November 9, 2022
The Forward View – Australia: November 2022
Higher rates to slow growth to below 1% in 2023.
- Over the past month we have upped our expectation for the cash rate peak, increased our near-term outlook for inflation and pulled back our forecasts for economic growth in 2023 and 2024.
- The key risks in our view remain unchanged. Domestically, the wage response to an exceptionally tight labour market and the persistence of inflation more generally represents an upside risk to our rate forecast, and a downside risk to growth. Globally, the impact of widespread tightening in monetary policy poses a risk to activity and trade, as does ongoing COVID policy in China.
- To date, the economy has remained very resilient despite high inflation and a rapid increase in interest rates. However, there are some very early signs of a slowing with labour demand indicators, forward looking measures in the business survey and high frequency indicators of consumption easing. Higher mortgage rates are expected to begin flowing through more clearly in coming months.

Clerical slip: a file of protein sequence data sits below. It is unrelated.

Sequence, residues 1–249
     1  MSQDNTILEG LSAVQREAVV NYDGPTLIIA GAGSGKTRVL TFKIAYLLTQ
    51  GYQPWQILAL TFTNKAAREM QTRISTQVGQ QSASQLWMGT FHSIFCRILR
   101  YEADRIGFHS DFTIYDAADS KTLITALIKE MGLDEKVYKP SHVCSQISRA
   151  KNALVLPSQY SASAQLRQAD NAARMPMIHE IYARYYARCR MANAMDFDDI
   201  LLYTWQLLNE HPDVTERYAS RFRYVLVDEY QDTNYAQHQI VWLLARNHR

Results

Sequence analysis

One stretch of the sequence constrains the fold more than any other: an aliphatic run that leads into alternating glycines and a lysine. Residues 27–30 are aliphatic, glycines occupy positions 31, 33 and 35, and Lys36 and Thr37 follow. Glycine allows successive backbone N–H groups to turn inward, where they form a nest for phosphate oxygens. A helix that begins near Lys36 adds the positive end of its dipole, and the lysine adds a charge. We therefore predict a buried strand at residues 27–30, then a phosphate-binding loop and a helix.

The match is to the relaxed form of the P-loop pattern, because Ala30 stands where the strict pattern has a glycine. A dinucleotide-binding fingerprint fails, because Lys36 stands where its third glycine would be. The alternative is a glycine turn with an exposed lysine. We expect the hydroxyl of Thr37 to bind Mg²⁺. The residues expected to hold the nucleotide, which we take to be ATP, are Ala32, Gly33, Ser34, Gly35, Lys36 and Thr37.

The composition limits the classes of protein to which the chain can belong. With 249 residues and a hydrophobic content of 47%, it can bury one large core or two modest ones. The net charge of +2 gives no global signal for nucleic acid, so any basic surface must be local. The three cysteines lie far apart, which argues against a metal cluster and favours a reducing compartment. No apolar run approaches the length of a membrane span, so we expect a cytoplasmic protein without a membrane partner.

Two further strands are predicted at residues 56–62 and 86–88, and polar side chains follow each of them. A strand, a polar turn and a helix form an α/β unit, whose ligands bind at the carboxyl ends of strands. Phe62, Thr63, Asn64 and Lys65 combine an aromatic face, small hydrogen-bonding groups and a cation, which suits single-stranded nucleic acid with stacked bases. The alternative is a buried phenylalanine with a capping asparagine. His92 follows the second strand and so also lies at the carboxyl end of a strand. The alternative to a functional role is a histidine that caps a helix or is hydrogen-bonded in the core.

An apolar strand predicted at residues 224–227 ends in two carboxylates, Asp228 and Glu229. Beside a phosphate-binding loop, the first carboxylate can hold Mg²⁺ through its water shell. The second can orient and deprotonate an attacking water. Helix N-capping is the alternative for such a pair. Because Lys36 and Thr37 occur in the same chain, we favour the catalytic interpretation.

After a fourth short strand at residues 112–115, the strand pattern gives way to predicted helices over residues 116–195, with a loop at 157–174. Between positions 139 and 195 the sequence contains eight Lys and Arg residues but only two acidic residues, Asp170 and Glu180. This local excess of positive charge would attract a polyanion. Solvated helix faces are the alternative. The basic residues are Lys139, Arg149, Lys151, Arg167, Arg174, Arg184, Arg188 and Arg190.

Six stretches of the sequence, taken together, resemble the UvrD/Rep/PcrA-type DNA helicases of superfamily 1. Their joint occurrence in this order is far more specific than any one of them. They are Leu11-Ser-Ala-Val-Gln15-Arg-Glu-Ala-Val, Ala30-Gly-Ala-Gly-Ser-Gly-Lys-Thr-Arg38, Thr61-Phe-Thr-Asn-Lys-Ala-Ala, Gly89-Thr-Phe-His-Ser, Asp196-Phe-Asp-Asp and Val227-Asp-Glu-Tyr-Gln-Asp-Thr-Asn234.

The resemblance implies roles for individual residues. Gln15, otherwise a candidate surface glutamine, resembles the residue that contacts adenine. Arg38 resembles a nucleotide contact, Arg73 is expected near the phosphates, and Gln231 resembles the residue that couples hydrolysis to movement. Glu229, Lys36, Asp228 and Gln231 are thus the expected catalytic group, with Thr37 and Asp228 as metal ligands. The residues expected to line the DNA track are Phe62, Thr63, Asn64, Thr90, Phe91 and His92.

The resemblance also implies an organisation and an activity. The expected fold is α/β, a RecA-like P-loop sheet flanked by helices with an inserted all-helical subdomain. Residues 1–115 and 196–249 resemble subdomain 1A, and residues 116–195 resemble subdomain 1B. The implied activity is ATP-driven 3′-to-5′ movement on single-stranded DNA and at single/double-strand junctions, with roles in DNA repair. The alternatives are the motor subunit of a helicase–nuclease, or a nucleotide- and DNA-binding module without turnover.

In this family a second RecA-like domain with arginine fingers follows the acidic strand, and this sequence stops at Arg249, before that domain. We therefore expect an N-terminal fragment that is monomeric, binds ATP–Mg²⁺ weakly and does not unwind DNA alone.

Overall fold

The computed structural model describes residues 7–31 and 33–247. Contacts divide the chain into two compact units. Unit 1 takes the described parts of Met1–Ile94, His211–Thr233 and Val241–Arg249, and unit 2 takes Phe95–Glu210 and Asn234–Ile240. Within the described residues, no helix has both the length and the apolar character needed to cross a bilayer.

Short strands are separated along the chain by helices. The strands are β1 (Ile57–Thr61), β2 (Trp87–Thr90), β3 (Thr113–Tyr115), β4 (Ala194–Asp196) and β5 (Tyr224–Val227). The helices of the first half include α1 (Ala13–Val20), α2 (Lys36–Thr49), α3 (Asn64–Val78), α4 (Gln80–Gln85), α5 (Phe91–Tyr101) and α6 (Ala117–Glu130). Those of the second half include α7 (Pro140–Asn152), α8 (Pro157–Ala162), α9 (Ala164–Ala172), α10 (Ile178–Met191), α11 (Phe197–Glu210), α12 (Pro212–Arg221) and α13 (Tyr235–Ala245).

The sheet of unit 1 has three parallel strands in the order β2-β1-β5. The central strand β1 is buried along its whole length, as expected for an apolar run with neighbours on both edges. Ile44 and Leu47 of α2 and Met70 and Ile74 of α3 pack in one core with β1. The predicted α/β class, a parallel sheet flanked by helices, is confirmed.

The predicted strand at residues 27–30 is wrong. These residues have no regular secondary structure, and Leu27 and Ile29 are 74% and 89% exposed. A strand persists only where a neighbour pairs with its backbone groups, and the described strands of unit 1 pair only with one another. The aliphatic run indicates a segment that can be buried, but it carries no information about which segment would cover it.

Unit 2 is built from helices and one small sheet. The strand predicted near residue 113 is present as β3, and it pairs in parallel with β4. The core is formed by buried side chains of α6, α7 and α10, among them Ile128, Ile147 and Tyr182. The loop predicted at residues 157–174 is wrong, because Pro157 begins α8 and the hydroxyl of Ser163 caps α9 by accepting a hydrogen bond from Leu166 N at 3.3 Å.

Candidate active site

- On GDP we now expect growth to slow to below 1.0% over the next two years. This includes some very soft quarterly growth in the back end of 2023 and is well below trend growth of around 2.25-2.5%.
- Our labour market forecasts are slightly softer, with the unemployment rate to move higher through 2023 and reach 4.5% in the second half of 2024. Wage growth should continue to increase but we expect it to peak at around 3.5%.
- On inflation, we have upped the near-term peak and lifted our expectations for 2023 with trimmed mean inflation to be tracking around 4.0% by the end of the year. Further out our inflation outlook is broadly unchanged.
- Following the RBA’s 25bp hike to 2.85% in November, we expect further 25bp increases at each of the next three meetings, taking the cash rate to 3.60% by March. With wage growth expected to remain contained, we expect the RBA can tread the “narrow path”. However, we see risks on either side.
- The federal budget is expected to have a broadly neutral impact on the economy over the next two years – and therefore not add significant pressure to already strong demand. The budget will benefit in the near term from stronger than expected economic conditions but will require structural adjustments further out.
For further details, please see The Forward View Australia (November 2022)